- May 21, 2016 at 8:51 am #88922Goranson FarmParticipant
The older of my two mares has developed heaves. I’d be interested to hear if anyone has experience working a horse with respiratory issues. I’ve heard there is no cure for heaves and it only progresses with time. She is also overweight which I’m sure doesn’t help. Open to any and all suggestions. Currently have her listed for sale on Maine Craigslist for $1500.
July 27, 2016 at 6:25 pm #89231Goranson FarmParticipant
- This topic was modified 3 years, 9 months ago by Goranson Farm.
Still looking for some words of advice on working a horse with respiratory issues. I have yet to sell this mare and plan on trying to work her into the routine in the next couple days.
CarlJuly 28, 2016 at 4:17 pm #89234Carl RussellModerator
Never had one that was that bad. I’ve had one that coughed from time to time when eating hay, or after drinking water, but never had any problems working.
I would thinking it is like everything else, work her to find out how bad it is. Then work her according to her handicap.
July 29, 2016 at 9:55 am #89237RonParticipant
- This reply was modified 3 years, 6 months ago by Carl Russell.
You said your mare was over weight did you take her to Horse Progress Days. I went and I put on seven pounds in five days away from home. Now when I clean the barn I feel Like I have the heaves. Weight is a problem drafts, like myself, are build to be easy keepers and that can really work against them if they have respiratory problems.
I have seen horses with heaves go on and work long and productive lives and I have seen some go down hill real fast. There is no easy answer. My feeling on heaves in horses is that it is similar to asthma in humans in that there are triggers and if you can find them and avoid them it is much easier to manage. Usually the trigger involves dust excitement, stress or certain feeds. Green grass works great, wet hay down to keep dust away, mold free hay obviously, floor feed rather then manger feed to keep dust from concentrating. I have seen horses years ago who lived on almost nothing but cleaned oats and a bite of grass and did quite well.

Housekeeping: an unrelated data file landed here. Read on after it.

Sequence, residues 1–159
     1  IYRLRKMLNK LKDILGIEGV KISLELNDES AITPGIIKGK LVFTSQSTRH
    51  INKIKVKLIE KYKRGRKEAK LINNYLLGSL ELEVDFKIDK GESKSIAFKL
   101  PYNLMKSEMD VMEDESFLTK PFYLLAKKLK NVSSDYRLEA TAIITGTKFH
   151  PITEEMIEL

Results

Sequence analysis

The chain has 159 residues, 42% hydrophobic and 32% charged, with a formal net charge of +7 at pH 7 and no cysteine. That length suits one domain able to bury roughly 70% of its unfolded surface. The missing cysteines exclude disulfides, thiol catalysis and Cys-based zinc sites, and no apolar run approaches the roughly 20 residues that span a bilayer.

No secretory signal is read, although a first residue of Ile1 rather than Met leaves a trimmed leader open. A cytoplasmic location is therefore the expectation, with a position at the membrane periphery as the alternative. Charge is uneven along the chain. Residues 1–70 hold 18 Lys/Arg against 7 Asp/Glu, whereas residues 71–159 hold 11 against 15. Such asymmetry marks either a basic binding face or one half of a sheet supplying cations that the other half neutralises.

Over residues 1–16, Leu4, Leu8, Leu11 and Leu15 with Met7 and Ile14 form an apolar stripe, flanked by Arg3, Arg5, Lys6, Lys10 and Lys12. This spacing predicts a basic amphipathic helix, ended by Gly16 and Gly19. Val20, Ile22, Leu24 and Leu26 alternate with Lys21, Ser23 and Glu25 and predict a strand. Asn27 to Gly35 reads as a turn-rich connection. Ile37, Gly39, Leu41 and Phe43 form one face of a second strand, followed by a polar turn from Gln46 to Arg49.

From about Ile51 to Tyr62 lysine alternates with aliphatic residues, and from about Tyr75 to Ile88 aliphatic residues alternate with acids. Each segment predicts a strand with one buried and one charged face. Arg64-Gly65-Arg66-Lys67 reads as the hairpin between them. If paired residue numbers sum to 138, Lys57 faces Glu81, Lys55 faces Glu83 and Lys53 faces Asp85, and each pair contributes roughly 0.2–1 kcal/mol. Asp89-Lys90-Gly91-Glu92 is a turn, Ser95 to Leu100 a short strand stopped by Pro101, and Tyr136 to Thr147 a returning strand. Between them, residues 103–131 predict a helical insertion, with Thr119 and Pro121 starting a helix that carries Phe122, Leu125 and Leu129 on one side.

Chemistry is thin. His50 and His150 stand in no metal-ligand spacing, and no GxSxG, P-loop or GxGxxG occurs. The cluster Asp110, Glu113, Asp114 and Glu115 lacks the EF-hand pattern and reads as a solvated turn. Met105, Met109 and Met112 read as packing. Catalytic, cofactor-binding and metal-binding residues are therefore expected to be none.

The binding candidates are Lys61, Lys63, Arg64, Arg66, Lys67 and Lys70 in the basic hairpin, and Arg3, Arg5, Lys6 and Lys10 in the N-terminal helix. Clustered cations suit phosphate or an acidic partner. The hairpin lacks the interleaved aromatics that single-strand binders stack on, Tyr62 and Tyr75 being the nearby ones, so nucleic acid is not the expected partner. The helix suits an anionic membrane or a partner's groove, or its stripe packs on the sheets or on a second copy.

Again find what triggers the heaves and try and avoid and control the attacks if possible. There are medicine that help keep the undamaged parts of the lungs open and working better and you have already looked at those I am sure.
God speed with your problem
Ron McCoyAugust 1, 2016 at 7:26 pm #89250dominiquer60Moderator
We had a roarer that sounded like a locomotive in hard work, he was Sam’s once in a lifetime horse. He would pull a barn off its foundation or bloody his knees trying. He could work as a single unmanned twitch horse, and if steering on a team of 6 got blurry, we knew he slipped his bridle and would be waiting for us to put it back on at the headland. Heart of steel that horse, unfortunately colic got the best of him last year.
One of our mares is also a bit of a roarer. We keep her trim and give her plenty of rest as needed. It doesn’t seem to bother her work ethic one bit.
Don’t look a gifted horse in the mouth, they all have something to offer, if you give them a fair chance.August 3, 2016 at 10:00 am #89258RonParticipant
talked to a number of horse people now that you have brought the subject up and they tell
me they have had good success with feeding silage to horses with heaves and no other health problems. I know it is frowned on by many but it is maybe the lesser of two evils.
RonAugust 3, 2016 at 1:45 pm #89260dominiquer60Moderator
Ron, you can also soak hay before feeding it. Feeding fermented hay can be a way to tackle it also, but I would not recommend feeding corn silage or chopped haylage. Wrapped bales have a higher chance of containing botulism which is lethal, but can also provide an excellent feed. Don’t feed poor quality ensiled or dry hay, it will only make the problem worse or cause additional problems. Best wishes managing this challenge.
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